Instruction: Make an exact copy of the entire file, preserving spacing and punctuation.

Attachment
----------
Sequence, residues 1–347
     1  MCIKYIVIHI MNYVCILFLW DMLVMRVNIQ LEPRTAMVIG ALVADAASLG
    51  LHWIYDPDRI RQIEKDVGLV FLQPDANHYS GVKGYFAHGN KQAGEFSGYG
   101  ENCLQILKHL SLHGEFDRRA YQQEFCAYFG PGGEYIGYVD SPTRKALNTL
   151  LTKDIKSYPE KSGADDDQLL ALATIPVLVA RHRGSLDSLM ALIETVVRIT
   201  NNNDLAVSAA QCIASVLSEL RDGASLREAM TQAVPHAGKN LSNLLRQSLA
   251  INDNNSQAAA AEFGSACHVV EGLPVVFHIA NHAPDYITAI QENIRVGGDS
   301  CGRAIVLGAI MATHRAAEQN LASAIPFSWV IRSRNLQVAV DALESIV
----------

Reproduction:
Sequence, residues 1–347
     1  MCIKYIVIHI MNYVCILFLW DMLVMRVNIQ LEPRTAMVIG ALVADAASLG
    51  LHWIYDPDRI RQIEKDVGLV FLQPDANHYS GVKGYFAHGN KQAGEFSGYG
   101  ENCLQILKHL SLHGEFDRRA YQQEFCAYFG PGGEYIGYVD SPTRKALNTL
   151  LTKDIKSYPE KSGADDDQLL ALATIPVLVA RHRGSLDSLM ALIETVVRIT
   201  NNNDLAVSAA QCIASVLSEL RDGASLREAM TQAVPHAGKN LSNLLRQSLA
   251  INDNNSQAAA AEFGSACHVV EGLPVVFHIA NHAPDYITAI QENIRVGGDS
   301  CGRAIVLGAI MATHRAAEQN LASAIPFSWV IRSRNLQVAV DALESIV